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Spacewalking astronauts lose piece of shielding, floats away
31 March 2017, 01:50 | Candice Butler
Click image to enlarge Shane Kimbrough flies a flag from the Ramblin Wreck in space in January 2017. Download Image MORE
No other details were immediately available about how the shield, which weighs 18 pounds (8 kg) and measures 63.6-by-23.4- by-2.6 inches (162-by-59-by-7 cm), was lost.
Thursday's spacewalk lasted seven hours.
While not a ideal fit, the cover will help protect the station from impacts and provide thermal shielding, NASA said.
The bundled-up shield somehow came loose as Whitson and Shane Kimbrough worked to install micrometeorite protection over a spot left exposed when a new docking port was relocated. Cameras tracked the shielding as it drifted into the distance, and Mission Control said there was no danger the lost shield could hit and damage the space station. Almost two hours later, the shield was seen as a white speck in the distance.
Whitson, meanwhile, has set a new spacewalking record for women.
The spacewalkers needed to hook up vital heater cables to the docking port and install shields to protect against strikes by micrometeorites. They also installed an upgraded computer relay box and protective shielding before calling it a day. The shields were required to cover the port where the PMA-3 was removed earlier in the week and robotically installed on the Harmony module. Whitson, the world's oldest and most experienced spacewoman has just set another record, her eighth spacewalk.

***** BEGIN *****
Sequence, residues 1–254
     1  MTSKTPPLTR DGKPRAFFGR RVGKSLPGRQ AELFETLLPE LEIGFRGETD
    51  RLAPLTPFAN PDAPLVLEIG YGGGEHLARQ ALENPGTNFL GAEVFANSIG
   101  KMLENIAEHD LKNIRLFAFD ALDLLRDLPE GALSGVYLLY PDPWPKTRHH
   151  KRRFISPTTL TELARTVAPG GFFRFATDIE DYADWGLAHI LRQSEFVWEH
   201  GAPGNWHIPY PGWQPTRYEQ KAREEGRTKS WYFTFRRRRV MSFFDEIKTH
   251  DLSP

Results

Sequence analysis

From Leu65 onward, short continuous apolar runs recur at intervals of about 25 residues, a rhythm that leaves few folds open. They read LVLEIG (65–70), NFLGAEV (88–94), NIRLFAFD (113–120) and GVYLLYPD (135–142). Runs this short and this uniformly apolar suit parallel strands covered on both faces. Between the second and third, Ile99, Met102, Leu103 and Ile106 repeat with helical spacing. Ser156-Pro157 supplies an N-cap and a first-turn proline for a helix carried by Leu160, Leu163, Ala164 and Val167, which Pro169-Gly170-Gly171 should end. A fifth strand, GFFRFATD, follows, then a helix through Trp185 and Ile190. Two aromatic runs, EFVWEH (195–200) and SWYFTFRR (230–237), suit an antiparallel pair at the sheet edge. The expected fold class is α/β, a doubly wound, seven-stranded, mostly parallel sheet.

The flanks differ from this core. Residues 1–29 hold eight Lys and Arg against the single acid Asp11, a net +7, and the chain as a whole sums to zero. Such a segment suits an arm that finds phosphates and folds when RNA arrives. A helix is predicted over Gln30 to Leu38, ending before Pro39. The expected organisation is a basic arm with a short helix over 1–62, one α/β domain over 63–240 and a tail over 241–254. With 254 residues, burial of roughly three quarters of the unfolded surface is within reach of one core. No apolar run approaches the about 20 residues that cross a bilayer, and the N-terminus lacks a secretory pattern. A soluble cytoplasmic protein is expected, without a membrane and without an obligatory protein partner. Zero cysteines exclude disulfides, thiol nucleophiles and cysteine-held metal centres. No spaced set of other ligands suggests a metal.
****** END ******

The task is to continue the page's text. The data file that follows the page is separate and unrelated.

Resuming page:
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Space station commander Shane Kimbrough and Peggy Whitson, about to become the world's most experienced female spacewalker, floated outside the International Space Station Thursday to continue ongoing work to set up a second docking port for US crew ferry ships, to install an upgraded computer relay box and to attach protective shielding.
Whitson and Pesquet will perform the third and final spacewalk and they will replace an avionics box on the starboard truss called an ExPRESS Logistics Carrier, a storage platform.
On January 6, Expedition 50 Flight Engineer Whitson carried out her last spacewalk with Commander Shane Kimbrough.
The PMA-3 relocation gets the ISS ready for the new International Docking Adapter-3 set to be delivered on a future SpaceX Dragon cargo mission.
During the first spacewalk, the Pressurised Mating Adapter-3 (PMA-3) was prepared for installation of the second International Docking Adapter, which serves as a home to commercial crew vehicle dockings. Williams's record was 50 hours 40 minutes.
Now on her third long-duration spaceflight, Whitson is the oldest woman to ever fly in space.
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